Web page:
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New Study Looks at How Mobile Fits Into Daily News Consumption

Recently, News Corp announced that they were pulling the plug on their subscription based, mobile only newspaper The Daily. It was a grand attempt to get readers to pay for quality content but it fell far short of expectations. Did News Corp do something wrong, or is it the concept as a whole that is at fault?

Mojiva has some data that could help answer that question. They’re a mobile ad network site that reaches 1.1 billion mobile devices around the world. They just published a new report covering the US and the UK titled “The State of Mobile News Consumption“.  Talk about spot on!

Amy Vale, VP, Global Research and Strategic Communications of Mojiva, Inc. begins with this:

Viggle Jumps into the Holiday Stats Pool With a Cheery Infographic

My favorite social TV app, Viggle has decided to use their great power for the good of online marketers everywhere. They’ve put their vast, TV addicted audience to work on a survey about their holiday shopping intentions, then they packed the results into a jolly infographic just for you. . . and you. . . and you over there sucking on that candy cane.

The mad scientist in me will now dissect said infographic, for your edification and enjoyment.

We start with some good news:

That average spend isn’t too bad. Retailers would like to see more, of course, but $505 is a number most of us can live with.

News Corp Pulls the Virtual Plug on their iPad Newspaper

Falling just short of their two-year anniversary, News Corp is shutting down their iPad newspaper The Daily.

On the surface, this doesn’t sound like big news, but it’s a terrible blow for content producers. You see, The Daily was News Corp’s attempt to show that a digital / mobile was a viable substitute for the printed newspaper. With subscriptions and ad dollars falling, news publishers know they have to go virtual to remain in the game but it’s just not working — not in terms of ad sales or subscriptions.

In 22 months, The Daily acquired 100,000 paying subscribers. The prices varied slightly by device but in general we’re talking $19.99 a year for Kindle, $39.99 for iPad and other tablets. Initially, a lot of subscribers came on board for the novelty, drawn in by the promise of quality journalism in an interactive format.

What Were Consumers Doing for 121 Billion Minutes This Past July?

According to stats-meister Nielsen, in July 2012, US consumers spent 121 billion minutes navigating the shark-infested waters of social media. Facebook, Twitter, Pinterest and the rest — up 37% from July 2011 and that’s quite a feat.

The majority of the time was spent using a traditional computer, but look at mobile. The larger square represents Apps, the smaller, cell phone looking icon represents browser use through a mobile device. Together, they show a 63% increase over last year.

Breaking the numbers down, Nielsen found that women were responsible for most of the social media usage both on the PCA and through mobile. Ages 18-24 ate up the most minutes on the PC but Ages 25-34 snuck ahead on the mobile site, but not by much. Ethnically, speaking Hispanics were way out in front on mobile usage with PC usage being fairly evenly divided.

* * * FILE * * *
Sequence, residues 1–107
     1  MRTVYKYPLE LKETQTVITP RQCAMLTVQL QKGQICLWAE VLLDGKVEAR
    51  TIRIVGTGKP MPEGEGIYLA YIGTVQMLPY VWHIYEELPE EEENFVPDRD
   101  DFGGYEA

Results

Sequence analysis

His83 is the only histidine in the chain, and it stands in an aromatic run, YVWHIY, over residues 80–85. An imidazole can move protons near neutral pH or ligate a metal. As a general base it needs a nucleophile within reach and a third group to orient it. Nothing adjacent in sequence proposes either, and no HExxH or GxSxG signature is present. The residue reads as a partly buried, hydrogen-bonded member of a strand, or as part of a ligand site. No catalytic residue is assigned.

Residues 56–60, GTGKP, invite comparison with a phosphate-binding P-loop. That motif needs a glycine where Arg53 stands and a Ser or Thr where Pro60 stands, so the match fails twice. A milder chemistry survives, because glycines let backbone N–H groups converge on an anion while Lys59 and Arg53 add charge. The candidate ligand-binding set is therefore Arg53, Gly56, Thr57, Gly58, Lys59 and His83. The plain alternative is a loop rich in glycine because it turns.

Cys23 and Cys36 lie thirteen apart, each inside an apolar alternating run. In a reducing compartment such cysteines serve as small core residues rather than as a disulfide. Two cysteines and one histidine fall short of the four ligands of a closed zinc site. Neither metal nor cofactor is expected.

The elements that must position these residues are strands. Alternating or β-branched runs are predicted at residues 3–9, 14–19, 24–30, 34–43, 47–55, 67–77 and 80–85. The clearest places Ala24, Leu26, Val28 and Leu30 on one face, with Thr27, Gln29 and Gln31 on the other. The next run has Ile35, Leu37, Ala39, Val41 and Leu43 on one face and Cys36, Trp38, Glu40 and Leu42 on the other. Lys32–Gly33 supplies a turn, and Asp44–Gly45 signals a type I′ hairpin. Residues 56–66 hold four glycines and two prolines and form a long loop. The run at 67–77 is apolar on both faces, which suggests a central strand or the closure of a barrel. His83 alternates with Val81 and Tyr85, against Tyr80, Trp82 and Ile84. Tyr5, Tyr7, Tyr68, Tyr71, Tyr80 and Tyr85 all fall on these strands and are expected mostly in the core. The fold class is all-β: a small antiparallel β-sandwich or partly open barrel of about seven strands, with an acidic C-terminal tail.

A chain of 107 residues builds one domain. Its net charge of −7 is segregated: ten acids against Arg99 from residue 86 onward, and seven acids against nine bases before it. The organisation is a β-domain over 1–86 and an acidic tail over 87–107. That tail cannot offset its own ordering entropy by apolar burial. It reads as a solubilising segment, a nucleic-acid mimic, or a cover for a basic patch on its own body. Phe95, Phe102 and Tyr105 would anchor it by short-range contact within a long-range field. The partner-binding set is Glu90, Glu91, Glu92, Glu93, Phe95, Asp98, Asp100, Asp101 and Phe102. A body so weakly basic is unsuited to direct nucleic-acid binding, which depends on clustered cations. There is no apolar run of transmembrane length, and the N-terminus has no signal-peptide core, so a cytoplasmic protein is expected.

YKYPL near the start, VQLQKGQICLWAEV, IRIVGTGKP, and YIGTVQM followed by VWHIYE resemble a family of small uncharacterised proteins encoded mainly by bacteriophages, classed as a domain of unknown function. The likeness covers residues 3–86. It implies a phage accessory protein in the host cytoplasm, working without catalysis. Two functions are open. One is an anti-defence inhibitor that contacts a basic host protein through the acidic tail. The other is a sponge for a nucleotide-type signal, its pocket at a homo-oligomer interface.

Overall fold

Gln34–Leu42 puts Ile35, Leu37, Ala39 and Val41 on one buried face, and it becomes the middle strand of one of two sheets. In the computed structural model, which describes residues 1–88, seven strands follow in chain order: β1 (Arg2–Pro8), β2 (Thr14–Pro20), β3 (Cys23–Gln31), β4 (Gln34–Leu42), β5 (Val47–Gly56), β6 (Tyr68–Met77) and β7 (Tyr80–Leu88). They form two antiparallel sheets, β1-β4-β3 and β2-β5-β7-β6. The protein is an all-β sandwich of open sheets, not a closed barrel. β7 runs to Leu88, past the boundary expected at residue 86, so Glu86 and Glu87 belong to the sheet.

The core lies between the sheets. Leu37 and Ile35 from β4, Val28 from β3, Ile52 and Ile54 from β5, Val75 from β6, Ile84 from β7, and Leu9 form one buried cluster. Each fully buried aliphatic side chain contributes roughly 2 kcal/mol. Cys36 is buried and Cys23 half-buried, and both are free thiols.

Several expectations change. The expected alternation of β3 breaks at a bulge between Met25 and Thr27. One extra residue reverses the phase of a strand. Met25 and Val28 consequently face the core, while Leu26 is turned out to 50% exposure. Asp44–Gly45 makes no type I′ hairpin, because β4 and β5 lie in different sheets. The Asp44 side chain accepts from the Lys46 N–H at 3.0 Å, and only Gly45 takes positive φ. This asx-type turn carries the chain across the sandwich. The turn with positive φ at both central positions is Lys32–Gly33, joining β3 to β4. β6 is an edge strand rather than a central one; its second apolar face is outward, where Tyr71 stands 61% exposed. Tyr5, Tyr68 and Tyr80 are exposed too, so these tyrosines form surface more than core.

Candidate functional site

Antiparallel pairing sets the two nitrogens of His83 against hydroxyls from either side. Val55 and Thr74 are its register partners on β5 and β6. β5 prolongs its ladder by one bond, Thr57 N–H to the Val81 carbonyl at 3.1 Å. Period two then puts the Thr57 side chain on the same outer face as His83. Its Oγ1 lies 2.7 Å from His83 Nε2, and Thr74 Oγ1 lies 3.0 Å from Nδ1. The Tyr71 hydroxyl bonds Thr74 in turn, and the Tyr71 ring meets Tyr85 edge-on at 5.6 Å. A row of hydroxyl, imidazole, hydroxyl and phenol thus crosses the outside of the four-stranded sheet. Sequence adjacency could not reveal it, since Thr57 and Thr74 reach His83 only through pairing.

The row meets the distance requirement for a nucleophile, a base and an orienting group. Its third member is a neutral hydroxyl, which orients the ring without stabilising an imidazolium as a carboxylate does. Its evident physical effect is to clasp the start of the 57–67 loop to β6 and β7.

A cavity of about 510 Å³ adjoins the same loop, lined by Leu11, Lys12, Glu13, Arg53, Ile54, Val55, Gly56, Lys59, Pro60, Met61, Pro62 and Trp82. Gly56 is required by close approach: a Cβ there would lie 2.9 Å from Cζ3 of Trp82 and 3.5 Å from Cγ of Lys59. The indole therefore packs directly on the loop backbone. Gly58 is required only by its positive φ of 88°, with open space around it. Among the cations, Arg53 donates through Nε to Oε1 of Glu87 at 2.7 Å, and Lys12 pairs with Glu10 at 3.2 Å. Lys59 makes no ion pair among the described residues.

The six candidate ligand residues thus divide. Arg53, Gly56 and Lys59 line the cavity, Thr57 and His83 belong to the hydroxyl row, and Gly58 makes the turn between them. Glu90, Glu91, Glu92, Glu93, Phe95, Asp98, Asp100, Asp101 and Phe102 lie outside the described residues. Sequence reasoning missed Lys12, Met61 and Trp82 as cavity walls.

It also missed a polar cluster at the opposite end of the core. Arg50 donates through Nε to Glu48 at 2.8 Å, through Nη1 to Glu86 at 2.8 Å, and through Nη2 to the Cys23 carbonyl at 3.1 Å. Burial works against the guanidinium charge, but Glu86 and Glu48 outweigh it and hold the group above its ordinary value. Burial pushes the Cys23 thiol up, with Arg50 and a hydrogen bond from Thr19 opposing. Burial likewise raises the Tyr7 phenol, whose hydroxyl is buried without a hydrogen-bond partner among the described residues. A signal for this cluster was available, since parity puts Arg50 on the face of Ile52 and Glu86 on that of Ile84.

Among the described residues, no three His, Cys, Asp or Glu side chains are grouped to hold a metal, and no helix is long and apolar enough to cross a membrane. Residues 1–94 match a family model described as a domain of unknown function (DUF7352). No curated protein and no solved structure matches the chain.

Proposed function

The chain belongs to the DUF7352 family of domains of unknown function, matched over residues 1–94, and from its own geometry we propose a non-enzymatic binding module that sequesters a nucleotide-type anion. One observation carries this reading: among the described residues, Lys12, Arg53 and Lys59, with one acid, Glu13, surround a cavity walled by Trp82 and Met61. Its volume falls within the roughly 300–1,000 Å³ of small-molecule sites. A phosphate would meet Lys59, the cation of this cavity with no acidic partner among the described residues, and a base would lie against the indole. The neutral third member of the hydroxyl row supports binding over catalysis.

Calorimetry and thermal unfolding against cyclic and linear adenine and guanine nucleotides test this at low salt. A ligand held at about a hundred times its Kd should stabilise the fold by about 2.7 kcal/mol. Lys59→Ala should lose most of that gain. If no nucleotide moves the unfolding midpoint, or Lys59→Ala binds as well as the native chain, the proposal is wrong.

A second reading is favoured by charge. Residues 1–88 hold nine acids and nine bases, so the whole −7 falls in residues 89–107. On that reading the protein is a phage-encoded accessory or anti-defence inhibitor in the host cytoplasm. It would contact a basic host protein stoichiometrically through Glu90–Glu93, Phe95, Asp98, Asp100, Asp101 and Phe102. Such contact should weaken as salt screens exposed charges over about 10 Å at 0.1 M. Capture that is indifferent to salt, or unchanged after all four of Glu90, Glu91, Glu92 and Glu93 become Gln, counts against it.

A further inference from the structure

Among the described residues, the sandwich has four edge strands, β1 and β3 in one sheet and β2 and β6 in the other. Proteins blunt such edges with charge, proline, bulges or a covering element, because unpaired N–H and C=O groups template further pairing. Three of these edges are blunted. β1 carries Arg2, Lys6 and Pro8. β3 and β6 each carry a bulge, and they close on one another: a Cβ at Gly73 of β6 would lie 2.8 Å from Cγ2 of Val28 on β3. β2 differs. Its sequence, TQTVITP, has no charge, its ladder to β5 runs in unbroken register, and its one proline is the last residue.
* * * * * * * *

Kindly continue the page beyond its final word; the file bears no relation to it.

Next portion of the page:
More Holiday Stats: Tablets Beat Traditional for Conversions on Cyber Monday

As the Thanksgiving weekend fades away in the rear-view mirror, I’d like to offer up one more set of stats. These come from Monetate and one line in particular is so amazing, I’m not sure I’m interpreting it correctly.

Overall, tablet conversion rates exceeded conversion rates on the traditional web for the first time on Cyber Monday (5.84% to 5.51%). In 2011, the numbers were 5.48% (tablets) and 5.98% (traditional web).

This is saying that on Cyber Monday more people who shopped the web by tablet followed through and bought things than people who used their computer (traditional). Right? Is there any other way to interpret this chart?

More facts:

– Conversion rates on the iPad on Cyber Monday were over 6%, more than 2 percent higher than any other day during the Thanksgiving – Cyber Monday period.

Mobile Ads Among Least Liked Ad Forms

People apparently like a clean mobile experience. If the findings of a MillwardBrown AdReaction Study 2012 are accurate mobile ads are among the least liked of all ad formats. The following chart comes from Marketing Charts which repackaged the MillwardBrown findings shows that mobile ads keep company with the likes of some forms of spam email with regard to being liked. Ouch.

So why are people more tolerant of ads elsewhere? It’s could be that they simply accept the ideas of ads on TV and in other media. We are used to it and it is expected. Mobile is a relatively new player and it emboldens consumers to call for a cleaner and less cluttered experience or at least the ability to create an experience of their choice.

November Mobile Mix: Android Captures 52 Percent of Ad Impressions

Another Millennial Media Mobile Mix is here and it’s like finding the first gift of the holiday season. You know how I love their inventive covers and this month they went with something classical. Here’s just a snippet. I’ll have a link for the whole image and the download at the end of this post.

Smartphones

Apple is still the leading device manufacturer but Android picked up 52% of the ad impressions on their network. Just two years ago, iOS owned 50% of the ad impressions and Android got only half that, so it’s quite a change in just a short time. Blackberry is hanging in but their numbers are rapidly dropping.

Non-Phone Devices